Google transiting to IPv6

Google which handles gargantuan amounts of search engine traffic, has gradually been making more of its Web properties available over IPv6, starting with an IPv6 access to its search engine in March 2008. The range of other Google properties similarly available expanded to include Google Maps, said Lorenzo Colitti, a Google network engineer at an Internet Engineering Task […]

Google which handles gargantuan amounts of search engine traffic, has gradually been making more of its Web properties available over IPv6, starting with an IPv6 access to its search engine in March 2008. The range of other Google properties similarly available expanded to include Google Maps, said Lorenzo Colitti, a Google network engineer at an Internet Engineering Task Force meeting.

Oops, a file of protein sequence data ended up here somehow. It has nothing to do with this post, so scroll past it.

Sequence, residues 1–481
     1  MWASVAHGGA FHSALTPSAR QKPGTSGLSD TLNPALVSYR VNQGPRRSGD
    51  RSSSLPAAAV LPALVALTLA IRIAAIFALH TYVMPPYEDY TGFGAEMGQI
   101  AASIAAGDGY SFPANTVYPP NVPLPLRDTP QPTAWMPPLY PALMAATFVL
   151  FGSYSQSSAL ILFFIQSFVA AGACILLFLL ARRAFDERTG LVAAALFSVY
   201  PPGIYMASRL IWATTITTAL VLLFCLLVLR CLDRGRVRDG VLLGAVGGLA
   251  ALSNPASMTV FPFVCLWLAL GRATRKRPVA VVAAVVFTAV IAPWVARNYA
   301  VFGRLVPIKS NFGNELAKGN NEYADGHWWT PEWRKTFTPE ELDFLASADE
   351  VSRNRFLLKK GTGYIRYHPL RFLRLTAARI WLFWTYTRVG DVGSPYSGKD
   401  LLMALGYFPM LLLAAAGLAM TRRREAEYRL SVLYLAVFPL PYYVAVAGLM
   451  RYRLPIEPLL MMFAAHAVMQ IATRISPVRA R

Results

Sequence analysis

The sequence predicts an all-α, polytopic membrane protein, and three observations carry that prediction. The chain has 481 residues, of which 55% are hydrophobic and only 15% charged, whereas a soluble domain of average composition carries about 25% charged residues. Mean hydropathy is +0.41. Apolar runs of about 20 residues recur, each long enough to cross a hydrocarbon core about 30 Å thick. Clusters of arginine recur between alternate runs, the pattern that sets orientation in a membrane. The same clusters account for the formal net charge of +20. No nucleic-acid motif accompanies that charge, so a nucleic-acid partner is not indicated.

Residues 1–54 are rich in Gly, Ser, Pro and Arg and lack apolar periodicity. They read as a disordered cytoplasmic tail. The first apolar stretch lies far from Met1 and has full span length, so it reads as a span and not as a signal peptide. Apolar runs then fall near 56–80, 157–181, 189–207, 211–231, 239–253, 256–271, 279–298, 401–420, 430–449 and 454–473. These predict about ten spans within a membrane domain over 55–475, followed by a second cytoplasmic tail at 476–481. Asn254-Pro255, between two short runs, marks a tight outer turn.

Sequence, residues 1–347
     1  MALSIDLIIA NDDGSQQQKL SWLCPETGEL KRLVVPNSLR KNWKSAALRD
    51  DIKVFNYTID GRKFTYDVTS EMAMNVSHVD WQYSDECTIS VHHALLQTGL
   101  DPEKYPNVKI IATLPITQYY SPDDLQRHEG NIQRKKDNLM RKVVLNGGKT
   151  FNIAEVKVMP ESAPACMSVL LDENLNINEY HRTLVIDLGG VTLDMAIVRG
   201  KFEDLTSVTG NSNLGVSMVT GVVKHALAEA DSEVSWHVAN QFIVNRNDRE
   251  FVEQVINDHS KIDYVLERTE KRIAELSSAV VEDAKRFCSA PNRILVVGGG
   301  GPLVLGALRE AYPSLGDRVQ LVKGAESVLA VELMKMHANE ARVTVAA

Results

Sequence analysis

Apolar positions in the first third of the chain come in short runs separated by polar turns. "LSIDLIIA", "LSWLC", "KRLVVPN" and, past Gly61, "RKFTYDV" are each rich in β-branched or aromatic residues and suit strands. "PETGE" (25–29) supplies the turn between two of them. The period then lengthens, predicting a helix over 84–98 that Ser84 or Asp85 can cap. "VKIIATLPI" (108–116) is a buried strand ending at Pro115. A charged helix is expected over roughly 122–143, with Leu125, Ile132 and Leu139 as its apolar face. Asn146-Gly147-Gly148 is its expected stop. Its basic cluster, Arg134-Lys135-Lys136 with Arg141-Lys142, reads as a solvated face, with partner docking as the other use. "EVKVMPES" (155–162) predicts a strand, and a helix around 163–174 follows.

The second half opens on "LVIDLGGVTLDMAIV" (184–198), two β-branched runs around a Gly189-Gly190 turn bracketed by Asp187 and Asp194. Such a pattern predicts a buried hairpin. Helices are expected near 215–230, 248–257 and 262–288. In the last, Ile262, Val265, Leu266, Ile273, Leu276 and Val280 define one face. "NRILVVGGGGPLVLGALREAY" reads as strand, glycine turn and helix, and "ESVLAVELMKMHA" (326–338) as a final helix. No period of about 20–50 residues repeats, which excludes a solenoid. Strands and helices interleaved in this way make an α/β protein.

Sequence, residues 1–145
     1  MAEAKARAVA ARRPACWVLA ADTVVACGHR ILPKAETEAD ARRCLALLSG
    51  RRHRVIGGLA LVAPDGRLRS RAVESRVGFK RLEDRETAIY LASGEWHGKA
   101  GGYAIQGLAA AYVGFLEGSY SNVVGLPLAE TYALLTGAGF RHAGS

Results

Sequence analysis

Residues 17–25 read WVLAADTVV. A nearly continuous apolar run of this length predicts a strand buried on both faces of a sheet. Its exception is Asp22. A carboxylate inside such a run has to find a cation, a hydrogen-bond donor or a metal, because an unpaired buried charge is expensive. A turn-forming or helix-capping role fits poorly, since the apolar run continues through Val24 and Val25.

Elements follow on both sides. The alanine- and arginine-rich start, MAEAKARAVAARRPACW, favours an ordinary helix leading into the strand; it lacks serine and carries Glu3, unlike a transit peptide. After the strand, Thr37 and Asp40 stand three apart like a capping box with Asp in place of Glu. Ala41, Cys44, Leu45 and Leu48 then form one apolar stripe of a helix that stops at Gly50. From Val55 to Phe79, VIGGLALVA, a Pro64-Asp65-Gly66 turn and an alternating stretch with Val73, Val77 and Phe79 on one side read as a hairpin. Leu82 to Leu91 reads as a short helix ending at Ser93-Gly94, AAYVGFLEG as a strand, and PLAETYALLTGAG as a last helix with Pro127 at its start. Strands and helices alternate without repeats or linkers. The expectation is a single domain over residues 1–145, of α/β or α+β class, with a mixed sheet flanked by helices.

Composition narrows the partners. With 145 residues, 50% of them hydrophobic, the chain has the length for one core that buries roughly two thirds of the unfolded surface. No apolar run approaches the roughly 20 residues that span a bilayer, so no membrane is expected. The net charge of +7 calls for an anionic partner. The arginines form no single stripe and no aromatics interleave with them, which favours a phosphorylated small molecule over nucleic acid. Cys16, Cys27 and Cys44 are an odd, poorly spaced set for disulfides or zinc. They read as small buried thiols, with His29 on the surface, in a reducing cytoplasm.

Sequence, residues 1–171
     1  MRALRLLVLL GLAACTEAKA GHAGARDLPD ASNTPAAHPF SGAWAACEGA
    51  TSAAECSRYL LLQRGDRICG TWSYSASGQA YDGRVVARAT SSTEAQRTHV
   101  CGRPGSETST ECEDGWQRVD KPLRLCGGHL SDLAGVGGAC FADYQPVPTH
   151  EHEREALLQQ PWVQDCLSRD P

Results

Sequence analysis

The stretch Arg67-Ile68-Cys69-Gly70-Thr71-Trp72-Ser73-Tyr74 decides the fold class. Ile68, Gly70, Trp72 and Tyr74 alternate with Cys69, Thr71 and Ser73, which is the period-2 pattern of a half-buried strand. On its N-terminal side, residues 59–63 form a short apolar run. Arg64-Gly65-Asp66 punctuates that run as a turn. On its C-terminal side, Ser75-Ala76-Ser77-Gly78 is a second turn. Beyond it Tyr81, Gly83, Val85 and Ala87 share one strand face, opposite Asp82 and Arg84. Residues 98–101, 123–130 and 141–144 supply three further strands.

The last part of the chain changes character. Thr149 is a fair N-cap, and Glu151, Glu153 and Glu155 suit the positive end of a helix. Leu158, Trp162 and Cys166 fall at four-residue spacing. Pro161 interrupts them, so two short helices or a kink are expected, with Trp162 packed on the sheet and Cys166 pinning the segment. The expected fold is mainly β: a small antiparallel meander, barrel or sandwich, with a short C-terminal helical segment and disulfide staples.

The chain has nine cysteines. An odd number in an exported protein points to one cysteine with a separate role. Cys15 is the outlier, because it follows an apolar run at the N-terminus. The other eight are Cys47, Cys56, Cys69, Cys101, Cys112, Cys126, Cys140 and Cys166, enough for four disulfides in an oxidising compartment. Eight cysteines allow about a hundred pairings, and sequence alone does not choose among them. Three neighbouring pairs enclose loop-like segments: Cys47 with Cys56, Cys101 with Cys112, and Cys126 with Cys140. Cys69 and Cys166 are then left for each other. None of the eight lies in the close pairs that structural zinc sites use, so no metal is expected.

The big advantage IPv6 has over IPv4 is the number of unique addresses it can accommodate--4.3 billion for IPv4 compared to about 34,000,000,000,000,000,000,000,000,000,000,000 for IPv6. Although 4.3 billion may sound like a lot, addresses are often allocated in large blocks that mean many aren't generally available, and expert estimates forecast an end to new IPv4 addresses in 2011.

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